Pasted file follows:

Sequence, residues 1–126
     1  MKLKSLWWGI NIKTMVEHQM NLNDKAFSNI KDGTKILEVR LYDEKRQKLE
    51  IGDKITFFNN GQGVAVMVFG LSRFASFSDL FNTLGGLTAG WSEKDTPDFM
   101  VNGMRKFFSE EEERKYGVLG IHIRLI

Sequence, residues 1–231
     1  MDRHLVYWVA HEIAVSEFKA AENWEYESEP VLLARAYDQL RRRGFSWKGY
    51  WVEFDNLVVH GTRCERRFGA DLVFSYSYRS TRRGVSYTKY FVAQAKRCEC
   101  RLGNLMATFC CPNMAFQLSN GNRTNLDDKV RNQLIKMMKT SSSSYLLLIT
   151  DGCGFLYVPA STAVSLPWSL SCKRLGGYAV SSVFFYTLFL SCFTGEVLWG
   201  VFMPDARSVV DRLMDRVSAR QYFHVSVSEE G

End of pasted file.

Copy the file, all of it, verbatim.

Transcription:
Sequence, residues 1–126
     1  MKLKSLWWGI NIKTMVEHQM NLNDKAFSNI KDGTKILEVR LYDEKRQKLE
    51  IGDKITFFNN GQGVAVMVFG LSRFASFSDL FNTLGGLTAG WSEKDTPDFM
   101  VNGMRKFFSE EEERKYGVLG IHIRLI

Sequence, residues 1–231
     1  MDRHLVYWVA HEIAVSEFKA AENWEYESEP VLLARAYDQL RRRGFSWKGY
    51  WVEFDNLVVH GTRCERRFGA DLVFSYSYRS TRRGVSYTKY FVAQAKRCEC
   101  RLGNLMATFC CPNMAFQLSN GNRTNLDDKV RNQLIKMMKT SSSSYLLLIT
   151  DGCGFLYVPA STAVSLPWSL SCKRLGGYAV SSVFFYTLFL SCFTGEVLWG
   201  VFMPDARSVV DRLMDRVSAR QYFHVSVSEE G